April 10th, 2012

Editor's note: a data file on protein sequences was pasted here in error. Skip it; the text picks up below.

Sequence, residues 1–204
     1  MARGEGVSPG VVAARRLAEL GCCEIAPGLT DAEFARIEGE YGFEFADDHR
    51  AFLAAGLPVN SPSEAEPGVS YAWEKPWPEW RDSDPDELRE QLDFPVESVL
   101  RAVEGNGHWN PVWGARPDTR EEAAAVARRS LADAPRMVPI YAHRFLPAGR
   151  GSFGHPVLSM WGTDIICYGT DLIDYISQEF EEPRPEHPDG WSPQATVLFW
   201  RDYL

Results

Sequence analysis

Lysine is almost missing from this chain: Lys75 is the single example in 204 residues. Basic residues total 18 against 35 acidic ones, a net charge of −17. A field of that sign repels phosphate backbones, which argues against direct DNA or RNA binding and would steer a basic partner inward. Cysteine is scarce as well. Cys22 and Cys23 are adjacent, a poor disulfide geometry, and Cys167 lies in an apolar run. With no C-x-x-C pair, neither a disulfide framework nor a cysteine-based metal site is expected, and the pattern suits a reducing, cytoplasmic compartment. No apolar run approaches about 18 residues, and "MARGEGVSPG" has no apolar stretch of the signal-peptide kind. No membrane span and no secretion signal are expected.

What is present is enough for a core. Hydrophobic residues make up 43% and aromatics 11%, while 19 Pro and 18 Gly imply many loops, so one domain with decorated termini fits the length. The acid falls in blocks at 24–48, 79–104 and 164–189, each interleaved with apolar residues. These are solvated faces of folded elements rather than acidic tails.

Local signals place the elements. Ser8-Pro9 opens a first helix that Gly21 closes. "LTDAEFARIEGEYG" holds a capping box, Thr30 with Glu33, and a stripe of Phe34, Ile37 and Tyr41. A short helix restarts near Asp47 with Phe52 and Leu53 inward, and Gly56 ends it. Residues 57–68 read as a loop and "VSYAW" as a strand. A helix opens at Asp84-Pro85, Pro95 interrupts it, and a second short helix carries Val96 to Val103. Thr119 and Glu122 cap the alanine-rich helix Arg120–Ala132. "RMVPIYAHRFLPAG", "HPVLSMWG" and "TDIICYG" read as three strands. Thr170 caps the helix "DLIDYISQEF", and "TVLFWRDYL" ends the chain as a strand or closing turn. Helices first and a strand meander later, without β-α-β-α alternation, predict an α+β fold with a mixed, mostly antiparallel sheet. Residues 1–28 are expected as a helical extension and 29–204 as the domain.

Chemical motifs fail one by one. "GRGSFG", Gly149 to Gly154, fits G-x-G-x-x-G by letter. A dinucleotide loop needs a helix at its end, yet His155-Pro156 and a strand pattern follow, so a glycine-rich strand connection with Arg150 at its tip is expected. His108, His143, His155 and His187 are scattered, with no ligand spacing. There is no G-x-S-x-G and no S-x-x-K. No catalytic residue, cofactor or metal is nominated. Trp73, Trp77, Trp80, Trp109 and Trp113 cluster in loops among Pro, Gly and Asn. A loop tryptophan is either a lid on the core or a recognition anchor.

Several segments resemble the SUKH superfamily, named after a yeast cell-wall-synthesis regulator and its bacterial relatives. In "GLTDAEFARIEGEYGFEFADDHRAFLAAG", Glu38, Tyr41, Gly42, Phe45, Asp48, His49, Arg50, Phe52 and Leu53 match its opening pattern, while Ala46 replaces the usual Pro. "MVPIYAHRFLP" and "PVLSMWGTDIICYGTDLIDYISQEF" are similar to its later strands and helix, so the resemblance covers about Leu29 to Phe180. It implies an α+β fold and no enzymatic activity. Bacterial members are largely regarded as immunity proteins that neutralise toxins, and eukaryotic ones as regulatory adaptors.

Dr. Elka Klein (1965-2005) was passionate about her profession as a historian and a teacher. Her untimely death in the spring of 2005 was a great loss to all who knew her, whether personally or professionally. In her memory, her friends and professional colleagues in the fields of History and Jewish Studies have created a fitting memorial to honor her dedication to and her achievements in her academic life. A cash grant of $1500 will be awarded in Dr. Klein's memory to a doctoral candidate preparing to spend a semester or more of the 2012-13 academic year abroad conducting historical research towards his/her dissertation. The grant recipient will be selected by a panel of scholars based on the relevance and potential contribution of the proposed work to the fields and concerns important to Dr. Klein, such as Sephardic culture, medieval history, gender studies, and Jewish studies. The application deadline is 20 April. Follow the link for full details.